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A superior court judge put out a call on Wednesday for attorneys to help fill the gap at the New Hampshire Public Defender because the organization is currently unable to secure representation for indigent criminal defendants in Merrimack County.
In an email to more than 20 attorneys, Superior Court Judge John C. Kissinger asked for their help, saying the state is “facing a crisis in securing representation for indigent criminal defendants in Merrimack County.”
New Hampshire Public Defender, which started in 1972, represents the majority of indigent citizens facing criminal and delinquency prosecution in New Hampshire. It is a private, non-profit corporation and helps to fill New Hampshire’s constitutional obligation to provide equal justice for all under the sixth amendment by handling 85 percent of the indigent caseload.
Kissinger’s email cited high staff departures and “overwhelming caseloads” as part of the cause for what he referred to as an urgent need for attorneys to take cases.
“Effective yesterday, the Concord office of the NH Public Defender program is no longer accepting new court-appointed cases,” the email says. “This means that contract counsel, who take conflict cases and are already near or beyond capacity, will be unable to fully meet the need.”
Sarah Blodgett, Director of the Judicial Council, which provides funding for The Public Defender and coordinates various civil and criminal justice matters, said The Public Defender has the ability to close or reduce intake of new cases if attorney caseloads become excessive.
“With one exception, the program has not needed to do this for more than 20 years – until now. High staff turnover and case backlogs have created a perfect storm for indigent defense,” Blodget said.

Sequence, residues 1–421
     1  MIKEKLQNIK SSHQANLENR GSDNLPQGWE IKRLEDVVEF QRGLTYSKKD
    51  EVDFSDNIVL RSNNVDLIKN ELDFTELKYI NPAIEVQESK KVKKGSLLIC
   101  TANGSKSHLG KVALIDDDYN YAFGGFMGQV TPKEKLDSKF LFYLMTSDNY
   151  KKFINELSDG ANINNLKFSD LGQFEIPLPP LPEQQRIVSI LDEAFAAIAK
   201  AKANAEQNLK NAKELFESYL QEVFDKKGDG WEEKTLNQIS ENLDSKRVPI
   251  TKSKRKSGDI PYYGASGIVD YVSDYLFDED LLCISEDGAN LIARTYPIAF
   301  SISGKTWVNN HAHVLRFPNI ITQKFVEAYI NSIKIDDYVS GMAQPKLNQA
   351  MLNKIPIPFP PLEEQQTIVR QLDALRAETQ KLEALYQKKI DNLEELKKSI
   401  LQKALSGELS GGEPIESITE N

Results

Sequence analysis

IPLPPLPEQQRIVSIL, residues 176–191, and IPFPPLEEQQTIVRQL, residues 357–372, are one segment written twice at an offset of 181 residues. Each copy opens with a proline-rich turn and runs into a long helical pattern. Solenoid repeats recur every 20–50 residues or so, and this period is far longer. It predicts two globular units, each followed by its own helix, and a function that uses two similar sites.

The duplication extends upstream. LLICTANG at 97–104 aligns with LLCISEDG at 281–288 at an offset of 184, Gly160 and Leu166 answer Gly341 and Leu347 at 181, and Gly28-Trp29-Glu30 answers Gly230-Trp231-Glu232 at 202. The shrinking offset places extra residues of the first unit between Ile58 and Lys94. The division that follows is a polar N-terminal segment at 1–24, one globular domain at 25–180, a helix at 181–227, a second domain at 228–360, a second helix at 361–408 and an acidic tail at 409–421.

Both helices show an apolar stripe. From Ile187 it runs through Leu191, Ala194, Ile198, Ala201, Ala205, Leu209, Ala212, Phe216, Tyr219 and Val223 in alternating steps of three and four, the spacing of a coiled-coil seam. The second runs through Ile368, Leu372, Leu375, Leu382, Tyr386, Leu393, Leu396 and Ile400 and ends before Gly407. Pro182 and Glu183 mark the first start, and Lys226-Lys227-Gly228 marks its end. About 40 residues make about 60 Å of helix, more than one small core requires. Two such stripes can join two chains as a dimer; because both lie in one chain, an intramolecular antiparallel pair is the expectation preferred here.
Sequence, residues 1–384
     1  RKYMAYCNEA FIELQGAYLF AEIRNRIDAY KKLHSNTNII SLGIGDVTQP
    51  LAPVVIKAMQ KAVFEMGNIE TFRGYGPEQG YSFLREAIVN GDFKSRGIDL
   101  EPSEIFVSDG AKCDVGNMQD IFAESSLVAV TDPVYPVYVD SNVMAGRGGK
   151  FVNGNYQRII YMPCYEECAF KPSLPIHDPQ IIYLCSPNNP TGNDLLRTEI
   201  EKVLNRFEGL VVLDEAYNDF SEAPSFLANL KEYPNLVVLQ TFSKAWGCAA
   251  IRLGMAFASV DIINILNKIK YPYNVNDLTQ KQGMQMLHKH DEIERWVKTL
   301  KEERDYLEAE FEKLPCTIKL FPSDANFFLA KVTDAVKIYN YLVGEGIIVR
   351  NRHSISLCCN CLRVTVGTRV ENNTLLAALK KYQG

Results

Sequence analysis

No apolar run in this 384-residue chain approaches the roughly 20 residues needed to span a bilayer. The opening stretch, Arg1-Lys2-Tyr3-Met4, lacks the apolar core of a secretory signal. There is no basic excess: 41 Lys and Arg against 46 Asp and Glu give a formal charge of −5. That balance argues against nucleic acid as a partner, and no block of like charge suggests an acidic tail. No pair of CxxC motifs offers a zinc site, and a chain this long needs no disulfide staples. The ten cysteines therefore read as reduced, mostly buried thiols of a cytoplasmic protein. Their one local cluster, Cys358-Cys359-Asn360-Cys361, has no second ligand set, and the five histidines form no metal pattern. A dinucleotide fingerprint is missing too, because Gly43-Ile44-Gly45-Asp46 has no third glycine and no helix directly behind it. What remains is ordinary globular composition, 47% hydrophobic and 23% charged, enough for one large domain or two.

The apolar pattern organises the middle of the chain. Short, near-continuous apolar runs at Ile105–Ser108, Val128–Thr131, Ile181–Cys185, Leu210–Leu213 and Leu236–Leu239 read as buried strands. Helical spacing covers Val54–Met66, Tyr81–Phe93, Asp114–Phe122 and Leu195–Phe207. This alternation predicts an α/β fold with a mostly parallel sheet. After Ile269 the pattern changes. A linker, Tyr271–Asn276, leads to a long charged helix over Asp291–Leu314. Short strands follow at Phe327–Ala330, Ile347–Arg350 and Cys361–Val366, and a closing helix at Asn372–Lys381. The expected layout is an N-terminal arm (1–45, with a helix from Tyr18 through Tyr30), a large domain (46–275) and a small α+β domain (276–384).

The high staff turnover, combined with fewer cases being heard during the pandemic, has led to stagnant caseloads, she said.
“Twenty-six attorneys (200+ years of experience) left the Public Defender program in FY21 – that is more than twice the normal attrition rate. An additional six attorneys have already tendered their resignations since July 1,” Blodgett said. “When attorneys leave the program, their cases are split among the remaining attorneys, exacerbating stress levels and caseloads.”
Blodgett said New Hampshire Public Defender has already had to close intake at its Laconia, Dover, Orford, and Nashua offices.
“During these closures, contract attorneys and private attorneys have accepted a huge number of court-appointed cases – much more than these systems were designed to support,” she said. “Our indigent defense system relies on a robust, statewide Public Defender. NHPD is widely recognized as one of the best public defender programs in the country, and it is the backbone of NH’s indigent defense system.”
Blodget said New Hampshire Public Defender and the Judicial Council have taken steps to address these issues by recruiting experienced criminal defense attorneys as lateral hires, and by reaching out to the New Hampshire Association of Criminal Defense Lawyers to request assistance with the caseload.
“The Judicial Council has been recruiting new private attorneys to accept cases, but low reimbursement rates and challenging work make both of these efforts difficult,” she said, adding that the Judicial Council has also reached out to the Massachusetts and Vermont associations and have added about 15 attorneys to their panels, as well as trainings for defense attorneys who are new to NH state court criminal practice.
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